How does epigenetic inheritance work?

- Our Central Hypothesis

An epigenetic system is composed of molecules that can survive through mitotic divisions, are self-templating in nature and their duplication and transmission is coupled to cell division.

We work on aspects of all three of these themes.

Our Research Goals

the genome is propagated through cell division by duplication of a full set of chromosomes followed by the faithful separation of each chromosome copy into two new daughter cells during mitosis.

In addition, so-called "epigenetic" chromosome structures that maintain functional chromosomes and that "memorize" the transcriptional state of a cell lineage is also maintained through mitotic and sometimes even meiotic divisions.

Although the mechanism of duplication and mitotic transmission of DNA sequences has been worked out decades ago, how the more fluid epigenetic information of gene activities and chromosome structure is maintained in time is not understood. We are interested in resolving this.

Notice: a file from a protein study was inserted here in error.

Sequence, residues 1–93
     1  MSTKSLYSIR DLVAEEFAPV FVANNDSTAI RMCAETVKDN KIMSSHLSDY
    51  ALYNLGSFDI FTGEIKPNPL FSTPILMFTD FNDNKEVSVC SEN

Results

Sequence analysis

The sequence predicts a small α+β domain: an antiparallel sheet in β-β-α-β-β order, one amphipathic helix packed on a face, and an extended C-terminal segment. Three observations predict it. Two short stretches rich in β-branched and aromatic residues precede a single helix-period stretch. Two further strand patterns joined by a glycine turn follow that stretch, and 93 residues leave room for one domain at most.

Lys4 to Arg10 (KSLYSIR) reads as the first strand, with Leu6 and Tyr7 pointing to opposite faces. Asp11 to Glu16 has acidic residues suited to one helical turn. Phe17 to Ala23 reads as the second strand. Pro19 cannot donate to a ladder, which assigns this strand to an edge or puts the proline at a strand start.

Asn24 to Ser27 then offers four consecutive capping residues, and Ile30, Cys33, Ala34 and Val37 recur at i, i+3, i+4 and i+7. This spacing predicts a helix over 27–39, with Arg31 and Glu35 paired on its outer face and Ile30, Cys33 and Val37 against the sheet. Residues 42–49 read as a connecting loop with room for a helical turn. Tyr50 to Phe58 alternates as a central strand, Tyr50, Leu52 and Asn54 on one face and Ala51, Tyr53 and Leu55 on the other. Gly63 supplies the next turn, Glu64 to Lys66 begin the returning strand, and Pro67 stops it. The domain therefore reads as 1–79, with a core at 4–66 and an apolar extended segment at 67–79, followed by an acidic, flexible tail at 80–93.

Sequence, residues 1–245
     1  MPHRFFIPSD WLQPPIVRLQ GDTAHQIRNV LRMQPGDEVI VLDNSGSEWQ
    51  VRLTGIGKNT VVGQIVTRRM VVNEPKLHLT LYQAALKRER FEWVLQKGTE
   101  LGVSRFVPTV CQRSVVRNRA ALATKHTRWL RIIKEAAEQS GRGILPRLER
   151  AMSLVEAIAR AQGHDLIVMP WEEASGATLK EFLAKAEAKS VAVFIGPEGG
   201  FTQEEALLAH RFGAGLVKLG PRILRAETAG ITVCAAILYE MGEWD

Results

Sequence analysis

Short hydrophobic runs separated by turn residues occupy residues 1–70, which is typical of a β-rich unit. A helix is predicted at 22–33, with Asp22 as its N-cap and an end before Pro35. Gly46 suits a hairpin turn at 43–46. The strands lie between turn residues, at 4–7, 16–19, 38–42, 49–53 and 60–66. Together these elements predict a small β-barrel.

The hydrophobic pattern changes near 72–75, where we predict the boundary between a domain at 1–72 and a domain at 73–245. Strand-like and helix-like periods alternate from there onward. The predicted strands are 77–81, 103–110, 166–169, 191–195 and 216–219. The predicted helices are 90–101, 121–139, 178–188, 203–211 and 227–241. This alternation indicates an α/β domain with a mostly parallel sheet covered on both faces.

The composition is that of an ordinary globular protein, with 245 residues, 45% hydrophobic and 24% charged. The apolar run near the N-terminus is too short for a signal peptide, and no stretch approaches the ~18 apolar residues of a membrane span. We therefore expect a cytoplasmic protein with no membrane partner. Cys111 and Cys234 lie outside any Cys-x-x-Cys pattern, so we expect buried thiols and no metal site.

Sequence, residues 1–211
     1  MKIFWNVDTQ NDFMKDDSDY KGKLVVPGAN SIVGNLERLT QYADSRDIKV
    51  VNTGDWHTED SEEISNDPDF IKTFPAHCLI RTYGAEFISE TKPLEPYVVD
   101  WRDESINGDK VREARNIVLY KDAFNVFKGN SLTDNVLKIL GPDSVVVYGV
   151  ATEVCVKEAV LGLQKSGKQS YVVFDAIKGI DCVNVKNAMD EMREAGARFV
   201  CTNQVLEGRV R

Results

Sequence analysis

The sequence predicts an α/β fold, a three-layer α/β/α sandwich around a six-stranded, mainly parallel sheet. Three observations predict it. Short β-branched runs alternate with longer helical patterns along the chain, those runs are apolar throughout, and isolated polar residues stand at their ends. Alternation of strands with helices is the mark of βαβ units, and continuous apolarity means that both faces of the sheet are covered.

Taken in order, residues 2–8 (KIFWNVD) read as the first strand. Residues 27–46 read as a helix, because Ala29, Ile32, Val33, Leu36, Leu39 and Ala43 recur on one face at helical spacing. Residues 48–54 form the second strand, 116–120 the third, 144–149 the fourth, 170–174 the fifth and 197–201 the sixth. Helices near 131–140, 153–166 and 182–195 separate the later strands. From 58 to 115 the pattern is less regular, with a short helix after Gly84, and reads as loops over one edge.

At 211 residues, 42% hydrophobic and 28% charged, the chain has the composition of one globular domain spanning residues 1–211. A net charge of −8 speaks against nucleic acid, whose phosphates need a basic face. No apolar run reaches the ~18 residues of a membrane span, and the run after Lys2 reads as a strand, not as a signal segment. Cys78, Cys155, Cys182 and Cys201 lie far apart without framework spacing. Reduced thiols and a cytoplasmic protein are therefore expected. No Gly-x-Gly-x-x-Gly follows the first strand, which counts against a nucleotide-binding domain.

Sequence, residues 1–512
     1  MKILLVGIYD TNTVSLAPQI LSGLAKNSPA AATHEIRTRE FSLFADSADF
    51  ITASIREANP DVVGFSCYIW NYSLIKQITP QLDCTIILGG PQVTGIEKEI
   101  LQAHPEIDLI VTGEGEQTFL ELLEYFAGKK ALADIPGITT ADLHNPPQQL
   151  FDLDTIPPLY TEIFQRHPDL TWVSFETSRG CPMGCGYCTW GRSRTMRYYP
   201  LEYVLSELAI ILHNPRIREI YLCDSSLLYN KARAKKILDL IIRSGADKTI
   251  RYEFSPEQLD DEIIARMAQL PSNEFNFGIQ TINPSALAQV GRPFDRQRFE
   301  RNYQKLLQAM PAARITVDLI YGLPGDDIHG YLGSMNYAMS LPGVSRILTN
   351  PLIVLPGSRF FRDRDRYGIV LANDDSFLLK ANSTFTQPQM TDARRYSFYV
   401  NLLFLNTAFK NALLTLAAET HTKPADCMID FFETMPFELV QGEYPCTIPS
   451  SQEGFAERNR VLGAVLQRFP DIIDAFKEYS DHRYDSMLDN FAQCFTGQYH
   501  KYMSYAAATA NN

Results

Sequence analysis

The Problem

We focus on chromatin, the protein DNA complex that packages DNA. Histone proteins, which make up the nucleosome may carry "memory" of gene expression or chromatin structure. how is chromatin inherited across the cell cycle?

To carry memory, chromatin itself need to be inherited (stable), copies (self-templated duplication) in concert with cell division (cell cycle coupling). We aim to understand all these aspects.

Centromeres, a paradigm for epigenetic inheritance

Much of our work focuses on the centromere, a unique chromatin domain connecting chromosomes to the mitotic spindle during mitosis. The centromere is maintained epigenetically through the propagation of a specialized chromatin structure that is not determined directly by the underlying DNA sequences. Instead, a unique histone H3 variant, CENP-A (red foci) marks the site of the centromere and is critical for its epigenetic propagation.

Watching cells propagate centromeres

We use genome engineering, high-end molecular biology and microscopy to unravel the mechanisms of the CENP-A-based epigenetic feedback loop that drives centromere inheritance.